Published March 10, 2023 | Version v1
Presentation Open

Community and Interoperability at the Core of Sustaining Image Archives

  • 1. HKB - Bern Academy of the Arts; University of Bern
  • 2. University of Basel
  • 3. University of Basel; DaSCH - Swiss National Data and Service Center for the Humanities


Long Paper:

An increasing amount of research is being done in open collaboration with a crowd, with some of these projects being understood as Citizen Science which is characterised by openness in terms of participation and thus offers diverse perspectives from different fields of knowledge. Similar projects include Ajapaik [1] for crowdsourcing additional visual heritage metadata, Corley Explorer [2] for collecting stories, sMapshot [3] for georeferencing images, or Historypin [4] and [5] for sharing local history.

In our paper, we discuss how the digital domain extends the physical sustainability of analogue archives through communication with the public. Our interdisciplinary research project Participatory Knowledge Practices in Analogue and Digital Image Archives (PIA) (2021–2025) aims to increase the use of image-based research data by developing participatory tools and application programming interfaces (APIs). The goal is to encourage the collaborative production of knowledge by interested communities. Data that is used is inherently more sustainable.

Our research is based on three cultural heritage collections of the Swiss Society for Folklore Studies: one focusing on scientific cartography (Atlas of Swiss Folklore, published from 1950 until 1995), a second from the estate of the photojournalist Ernst Brunner (1936–1979), and a third photographic collection owned by the Kreis Family (1860–1970).

The web-based tools we have developed allow citizen scientists to edit, enrich and curate data through a graphical user interface (GUI). On the one hand, we enable crowdsourcing in the usual sense through moderated metadata enrichment [6,7]. On the other hand, we also go beyond by enabling users to create open-ended narratives by creating their own sub-collections, annotating resources, adding perspectives by uploading their content, and collaborating with other users by launching open “Calls for images”. By giving many different groups a voice in curating their collections, participation can democratise the decision-making power of archives [8].

Collaboratively designed standards build the base by which individuals and institutions can participate by having unmitigated access to the data. We rely, in particular, on Linked Open Usable Data (LOUD) standards [9] such as specifications from the International Image Interoperability Framework (IIIF), a community-driven initiative that has developed shared APIs based on agreed-upon design principles for representing and annotating digital resources [10]. Implementing IIIF APIs into our research is a way of communicating specific values about sharing and open data practices as well as improving the resilience of cultural heritage data.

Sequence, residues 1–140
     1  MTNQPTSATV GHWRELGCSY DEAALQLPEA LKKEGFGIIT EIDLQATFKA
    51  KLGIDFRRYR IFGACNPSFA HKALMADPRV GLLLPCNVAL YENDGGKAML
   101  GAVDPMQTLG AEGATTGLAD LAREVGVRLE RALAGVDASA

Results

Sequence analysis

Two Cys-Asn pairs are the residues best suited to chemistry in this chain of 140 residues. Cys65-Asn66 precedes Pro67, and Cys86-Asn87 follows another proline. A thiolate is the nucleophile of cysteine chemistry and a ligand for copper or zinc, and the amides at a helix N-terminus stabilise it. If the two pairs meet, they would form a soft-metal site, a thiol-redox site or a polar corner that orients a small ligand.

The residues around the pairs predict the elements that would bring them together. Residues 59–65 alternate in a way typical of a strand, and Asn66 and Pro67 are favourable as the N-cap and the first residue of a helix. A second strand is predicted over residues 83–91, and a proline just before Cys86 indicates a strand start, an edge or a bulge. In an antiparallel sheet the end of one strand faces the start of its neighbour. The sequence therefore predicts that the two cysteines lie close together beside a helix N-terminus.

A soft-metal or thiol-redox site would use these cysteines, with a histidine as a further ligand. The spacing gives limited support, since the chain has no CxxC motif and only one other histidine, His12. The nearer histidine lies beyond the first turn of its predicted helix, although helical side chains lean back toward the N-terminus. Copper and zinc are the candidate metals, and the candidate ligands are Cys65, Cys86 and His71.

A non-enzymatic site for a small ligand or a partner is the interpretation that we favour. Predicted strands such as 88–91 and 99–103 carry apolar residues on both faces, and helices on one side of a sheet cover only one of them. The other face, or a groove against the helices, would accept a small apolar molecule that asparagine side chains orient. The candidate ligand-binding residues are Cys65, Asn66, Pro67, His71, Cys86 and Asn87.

The software architecture is strictly separated into a headless backend that offers the potential to represent data in complex digital data models, various interfaces for communication, and a frontend framework that is capable of embedding tools for various types of applications. In a series of workshops and interviews with both academic and non-academic users, the project currently analyses the new demands of digital (and process-oriented) knowledge production.

Within PIA, we develop an environment enabling a digital workflow that starts at the original printed source and ends where experts and citizens enrich the data with their knowledge. The close dialogue between humanities researchers, archivists, and experts in design and software development, ensures a highly applicable solution upon which to engage in constructive criticism. By the transfer of archival methodologies and processes from the analogue to the digital domain, we create a sustainable aura for stored data. The innovative GUI and the integration of APIs encourage collaboration with the public and, thus, a variety of open-ended interpretive perspectives.

The sustainability of data and digital tools is closely related to the application; we go beyond open data by demonstrating the power of standardised APIs. The possibility to enrich data makes data sustainable and increases the attraction of digital infrastructures.


This abstract is also documented in the DHNB 2023 Book of Abstracts ( and a long paper with the same title has been published in the conference proceedings (


DHNB 2023 - Community and Interoperability at the Core of Sustaining Image Archives.pdf

Additional details

Related works

Is part of
Book: 10.5281/zenodo.7670463 (DOI)
Is supplemented by
Conference proceeding: (URL)


Participatory Knowledge Practices in Analogue and Digital Image Archives CRSII5_193788
Swiss National Science Foundation